Brian Windhorst of ESPN:

The union believes Oladipo, who went to Orlando with the Pacers and then cleared quarantine so he could practice, should be paid his remaining salary, sources said.

The league, largely in an effort to set a precedent in case other players who are deemed healthy want to leave Orlando and no longer play, believes Oladipo has opted out and should not be paid, sources said. His public comments about feeling healthy has only solidified the league’s position on the matter, sources said.

The Pacers support Oladipo’s decision and are willing to pay him the salary whether he plays or not, sources said.

Presumably, if Oladipo plays, he’ll get paid like anyone else playing in the resumption. This controversy lingers only if Oladipo doesn’t play.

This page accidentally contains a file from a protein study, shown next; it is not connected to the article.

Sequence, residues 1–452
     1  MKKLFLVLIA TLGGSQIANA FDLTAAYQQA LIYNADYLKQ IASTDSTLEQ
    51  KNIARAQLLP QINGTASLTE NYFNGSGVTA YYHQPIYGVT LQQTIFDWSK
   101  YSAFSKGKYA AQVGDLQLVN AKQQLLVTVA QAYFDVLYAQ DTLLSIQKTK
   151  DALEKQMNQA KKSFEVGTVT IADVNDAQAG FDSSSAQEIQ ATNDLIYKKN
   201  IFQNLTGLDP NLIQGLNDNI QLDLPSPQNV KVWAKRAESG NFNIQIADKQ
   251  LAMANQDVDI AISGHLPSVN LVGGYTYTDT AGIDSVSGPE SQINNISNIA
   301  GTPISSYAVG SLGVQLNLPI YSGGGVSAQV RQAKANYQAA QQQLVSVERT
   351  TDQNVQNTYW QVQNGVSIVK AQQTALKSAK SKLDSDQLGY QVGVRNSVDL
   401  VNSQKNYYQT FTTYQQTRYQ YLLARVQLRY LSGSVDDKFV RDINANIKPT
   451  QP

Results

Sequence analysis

It’s unsurprising the Pacers don’t want to pick this fight with their star player, especially as he approaches 2021 free agency. Trying to avoid alienating their own players but not necessarily eager to pay for services not rendered, teams collectively want the league to handle these issues.

If teams had ample discretion, the Wizards might have said Davis Bertans – who chose to sit out – had some lingering injury. NBA players are rarely perfectly healthy. There’s always some physical issue to point to. Bertans will be an unrestricted free agent this offseason, and they want to re-sign him. What an easy way to build goodwill – and maybe even get a discount on Bertans’ next contract.

Obviously, the league doesn’t want those type of shenanigans. That’s why on outside rulings on players’ health can be important.